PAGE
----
This week’s post is the first in a series to look at some Kapiti Island takahē who have flown the nest. Well, not really, they’re too fat to fly, but Air New Zealand helps out with that.
Some real characters have set forth from Kapiti Island. One handsome takahē called Te Mingi caused quite a stir when he arrived at Tiritiri Matangi Island in 2010. He was meant to pair up with a hot chick called Ella, but instead her mother, Cheesecake, took a fancy to him.
Greg, Cheesecake’s husband, duelled with Te Mingi for his honour, but in the end Greg got a thrashing and Cheesecake and Te Mingi moved in together.
The happy couple have gone on to have three surviving babies – Wal, Westie, and a chick born in December who has yet to be named.
Breeding success of takahē in the wild is quite low so intervention methods, such as removal of infertile eggs from nests, and fostering out ‘extra’ eggs, have been used to manage takahē populations.
This work is done as part of the Takahē Recovery Programme supported by Mitre 10 Takahē Rescue in partnership with DOC. In particular, Vince Indo and his team at Mitre 10 Mega Paraparaumu have been awesome with their support of Kapiti Island and its takahē inhabitants.
Although takahē were never originally on Kapiti Island, a population was established there in case anything happened to the wild birds in the Murchison Mountains.
Kapiti, Tiritiri Matangi, Maud, Mana and Motutapu Islands, along with valuable protected mainland sites like the Burwood Takahē Rearing Unit, Cape Sanctuary and Maungatautari Ecological Island, all help secure the stability of takahē numbers.
Because there are so few takahē (about 260), the birds are moved between different breeding sites to increase genetic diversity and decrease the chance of inbreeding.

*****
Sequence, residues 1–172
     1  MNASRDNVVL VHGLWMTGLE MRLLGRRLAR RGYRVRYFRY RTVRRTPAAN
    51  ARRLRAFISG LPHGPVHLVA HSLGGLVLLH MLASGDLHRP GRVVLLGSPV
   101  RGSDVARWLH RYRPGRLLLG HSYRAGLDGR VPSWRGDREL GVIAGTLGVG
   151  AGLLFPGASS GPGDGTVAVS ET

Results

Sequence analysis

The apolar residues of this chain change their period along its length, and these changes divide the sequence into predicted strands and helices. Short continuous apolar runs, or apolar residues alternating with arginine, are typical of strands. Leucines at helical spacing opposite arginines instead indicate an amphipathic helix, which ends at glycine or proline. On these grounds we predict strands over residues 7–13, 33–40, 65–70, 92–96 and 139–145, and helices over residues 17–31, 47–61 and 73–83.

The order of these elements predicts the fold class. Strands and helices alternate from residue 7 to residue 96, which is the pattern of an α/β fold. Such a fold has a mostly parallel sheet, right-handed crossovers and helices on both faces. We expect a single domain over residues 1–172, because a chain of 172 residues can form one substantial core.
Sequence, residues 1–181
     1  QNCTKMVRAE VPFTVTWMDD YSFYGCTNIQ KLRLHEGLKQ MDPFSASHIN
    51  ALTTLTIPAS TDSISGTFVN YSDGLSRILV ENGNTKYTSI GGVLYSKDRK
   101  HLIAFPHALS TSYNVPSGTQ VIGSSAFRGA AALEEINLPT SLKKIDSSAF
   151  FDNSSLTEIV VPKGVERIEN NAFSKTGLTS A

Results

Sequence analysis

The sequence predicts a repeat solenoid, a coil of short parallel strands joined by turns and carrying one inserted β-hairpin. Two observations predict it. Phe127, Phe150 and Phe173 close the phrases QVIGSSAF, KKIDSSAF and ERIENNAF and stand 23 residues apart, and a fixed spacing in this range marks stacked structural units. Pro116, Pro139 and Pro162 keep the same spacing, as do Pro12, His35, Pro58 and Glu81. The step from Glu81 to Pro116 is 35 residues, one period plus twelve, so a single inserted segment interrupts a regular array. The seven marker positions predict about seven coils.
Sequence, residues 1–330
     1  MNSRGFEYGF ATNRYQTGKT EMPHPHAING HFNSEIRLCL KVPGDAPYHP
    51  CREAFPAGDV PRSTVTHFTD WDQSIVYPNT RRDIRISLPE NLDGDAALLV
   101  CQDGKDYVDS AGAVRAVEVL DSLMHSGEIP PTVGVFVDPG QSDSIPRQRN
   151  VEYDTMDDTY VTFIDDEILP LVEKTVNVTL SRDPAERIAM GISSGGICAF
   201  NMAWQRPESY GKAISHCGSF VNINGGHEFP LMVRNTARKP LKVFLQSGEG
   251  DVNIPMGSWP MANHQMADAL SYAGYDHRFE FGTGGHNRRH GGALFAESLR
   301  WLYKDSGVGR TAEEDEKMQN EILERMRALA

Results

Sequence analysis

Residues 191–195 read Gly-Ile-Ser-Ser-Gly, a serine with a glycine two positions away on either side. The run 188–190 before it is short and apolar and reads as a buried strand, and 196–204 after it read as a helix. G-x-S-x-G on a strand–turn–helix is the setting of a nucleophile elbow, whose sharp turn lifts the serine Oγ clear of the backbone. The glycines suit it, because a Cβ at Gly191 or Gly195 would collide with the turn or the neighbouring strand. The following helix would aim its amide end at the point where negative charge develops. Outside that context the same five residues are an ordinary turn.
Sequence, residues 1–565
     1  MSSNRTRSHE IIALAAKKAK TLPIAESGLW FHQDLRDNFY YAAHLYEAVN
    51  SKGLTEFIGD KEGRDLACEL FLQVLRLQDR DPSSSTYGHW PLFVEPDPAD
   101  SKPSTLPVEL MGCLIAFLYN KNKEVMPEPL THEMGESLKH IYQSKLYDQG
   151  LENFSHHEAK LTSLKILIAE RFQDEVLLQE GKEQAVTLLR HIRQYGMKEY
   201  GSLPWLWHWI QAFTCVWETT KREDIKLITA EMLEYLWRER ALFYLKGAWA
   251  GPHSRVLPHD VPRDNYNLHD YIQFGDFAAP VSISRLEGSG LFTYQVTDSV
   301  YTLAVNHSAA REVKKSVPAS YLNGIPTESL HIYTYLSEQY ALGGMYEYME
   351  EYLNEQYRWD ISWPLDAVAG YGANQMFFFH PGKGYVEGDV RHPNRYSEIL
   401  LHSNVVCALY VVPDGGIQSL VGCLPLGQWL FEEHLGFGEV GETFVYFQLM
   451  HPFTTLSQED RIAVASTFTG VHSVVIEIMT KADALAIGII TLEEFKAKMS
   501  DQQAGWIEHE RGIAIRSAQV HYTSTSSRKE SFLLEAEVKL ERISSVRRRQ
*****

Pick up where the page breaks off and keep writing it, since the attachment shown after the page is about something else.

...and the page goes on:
When takahē are translocated they’re put in a special Mitre 10 Takahe Rescue transfer box and get their very own seat on an Air New Zealand flight.
The human passengers can take a peek and there might be an announcement about the special traveller – this is celebrity status, New Zealand-style.
Kapiti Island retains three breeding pairs and any chicks born there go on to be takahē superstars elsewhere in the country; it can be hard to say goodbye but Kapiti Coasters should be proud.
Takahē couples begin breeding in spring; the female usually lays two speckled eggs and takes turns with her mate to keep them warm.
Super-cute takahē chicks covered in black fuzz hatch after 30 days incubation but they can’t look after themselves yet.
After about three months of copying their parents they gradually learn skills for independence, then finally leave home when they’re one or two years old.
Te Mingi and Cheesecake’s territory is the lighthouse/Visitor Centre area of Tiritiri Matangi Open Sanctuary, north of Auckland.
Te Mingi is very comfortable with people so perhaps is the most famous takahē on that island these days – sounds like destiny for a takahe from Kapiti.